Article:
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Nigerian H5N1 Simlar to Qinghai Strain
February 8, 2006
A laboratory in Padua, Italy, identified the H5N1 strain in the Nigerian birds, OIE said in a statement. It added further tests were being carried out to determine how closely the Nigerian strain matched the H5N1 strain detected elsewhere in the world.
The Italian Health Ministry said the bird flu strain is very similar to those found in Siberia and Mongolia.
The above comments confirm that the H5N1 Qinghai strain that migrated to Siberia and Mongolia for the summer has continued along a migration path to eastern Europe, the Middle East, and central Africa. The strain became established in ling rage migratory birds in May, 2005 at Qinghai Lake. Those isolates were readily distinguished from H5N1 strains in Asia, but contained many of the same features such as the polybasic HA cleavage site, the 20 amino acid deletion in NA and the 5 amino acid deletion in NS. The Qinghai sequences were unique however and one notable change was PB2 polymorphism E627K, which had not previously been found in avian H5N1 although the polymorphisms were in all H1, H2, and H3 human isolates.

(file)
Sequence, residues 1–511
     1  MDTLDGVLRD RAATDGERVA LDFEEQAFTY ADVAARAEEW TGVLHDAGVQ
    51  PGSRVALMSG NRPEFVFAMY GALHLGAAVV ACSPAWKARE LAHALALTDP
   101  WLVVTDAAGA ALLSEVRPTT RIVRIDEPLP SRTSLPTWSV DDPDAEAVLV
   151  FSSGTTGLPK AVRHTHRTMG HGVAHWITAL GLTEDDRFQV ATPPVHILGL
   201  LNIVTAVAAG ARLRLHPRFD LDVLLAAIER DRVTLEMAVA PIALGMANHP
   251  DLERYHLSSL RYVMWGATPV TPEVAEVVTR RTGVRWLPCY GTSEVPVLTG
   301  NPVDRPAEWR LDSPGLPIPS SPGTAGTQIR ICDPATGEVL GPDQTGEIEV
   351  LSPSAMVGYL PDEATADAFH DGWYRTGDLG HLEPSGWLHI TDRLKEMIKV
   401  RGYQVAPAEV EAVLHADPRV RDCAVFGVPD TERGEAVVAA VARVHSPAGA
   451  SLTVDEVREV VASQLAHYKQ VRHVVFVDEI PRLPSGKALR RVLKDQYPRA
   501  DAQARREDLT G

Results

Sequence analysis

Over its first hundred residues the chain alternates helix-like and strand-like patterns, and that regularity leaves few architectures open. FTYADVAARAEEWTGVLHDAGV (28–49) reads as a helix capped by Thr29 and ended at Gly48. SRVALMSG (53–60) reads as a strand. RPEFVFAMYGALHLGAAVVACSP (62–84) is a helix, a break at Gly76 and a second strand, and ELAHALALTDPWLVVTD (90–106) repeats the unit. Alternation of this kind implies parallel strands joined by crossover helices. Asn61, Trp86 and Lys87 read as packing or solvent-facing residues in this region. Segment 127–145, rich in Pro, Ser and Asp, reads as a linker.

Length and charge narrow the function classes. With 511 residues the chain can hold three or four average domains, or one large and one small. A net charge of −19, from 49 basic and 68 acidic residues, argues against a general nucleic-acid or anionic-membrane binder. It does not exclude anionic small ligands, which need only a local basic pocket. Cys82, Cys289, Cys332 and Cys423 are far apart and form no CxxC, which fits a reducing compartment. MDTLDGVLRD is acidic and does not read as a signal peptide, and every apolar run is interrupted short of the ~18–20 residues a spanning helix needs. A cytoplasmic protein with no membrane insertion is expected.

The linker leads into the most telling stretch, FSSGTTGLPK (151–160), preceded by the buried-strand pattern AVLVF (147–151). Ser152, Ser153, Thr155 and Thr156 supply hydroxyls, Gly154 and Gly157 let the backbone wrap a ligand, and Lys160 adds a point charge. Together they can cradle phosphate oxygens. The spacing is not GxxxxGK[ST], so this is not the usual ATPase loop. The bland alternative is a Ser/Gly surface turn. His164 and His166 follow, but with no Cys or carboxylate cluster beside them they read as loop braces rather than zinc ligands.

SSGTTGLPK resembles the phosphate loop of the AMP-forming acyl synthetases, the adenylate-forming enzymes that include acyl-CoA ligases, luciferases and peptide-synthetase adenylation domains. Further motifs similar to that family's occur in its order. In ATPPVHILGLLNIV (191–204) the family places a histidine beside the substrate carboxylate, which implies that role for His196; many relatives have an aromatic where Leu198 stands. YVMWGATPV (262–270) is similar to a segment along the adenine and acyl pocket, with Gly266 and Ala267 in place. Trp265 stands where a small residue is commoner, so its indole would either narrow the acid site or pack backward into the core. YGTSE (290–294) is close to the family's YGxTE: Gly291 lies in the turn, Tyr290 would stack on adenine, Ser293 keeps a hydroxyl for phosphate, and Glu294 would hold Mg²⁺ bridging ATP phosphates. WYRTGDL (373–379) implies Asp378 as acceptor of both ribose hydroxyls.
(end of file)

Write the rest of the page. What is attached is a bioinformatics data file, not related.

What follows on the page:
The Qinghai strain was subsequently isolated in Mongolia, Novosibirsk, Kurgan, Astrakhan, Ukraine, and Turkey and all published PB2 sequences had E627K. In Turkey, sequences from the index case also had the HA polymorphism S227N which was linked to a greater affinity for human receptors and more efficient transmission to humans. The cluster in northern Iran suggests this S227N is also being transported by wild birds and its movement into Africa may trail the H5N1 infecting birds. The suspect case in southern Iraq is the most southern human case reported thus far, but reporting of human and bird H5N1 infections has been unreliable, so the true extent of spread of H5N1 to humans remains unclear.
More sequence information of the Nigerian isolates would be useful as would more transparency in reporting H5N1 along the migratory path.